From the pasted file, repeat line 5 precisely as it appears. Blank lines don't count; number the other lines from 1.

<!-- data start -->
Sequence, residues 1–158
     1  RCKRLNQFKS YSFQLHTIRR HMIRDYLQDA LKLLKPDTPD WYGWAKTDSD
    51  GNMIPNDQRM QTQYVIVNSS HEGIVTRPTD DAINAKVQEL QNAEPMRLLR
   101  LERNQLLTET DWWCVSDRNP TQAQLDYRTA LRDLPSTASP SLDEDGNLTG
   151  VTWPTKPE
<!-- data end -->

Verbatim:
   151  VTWPTKPE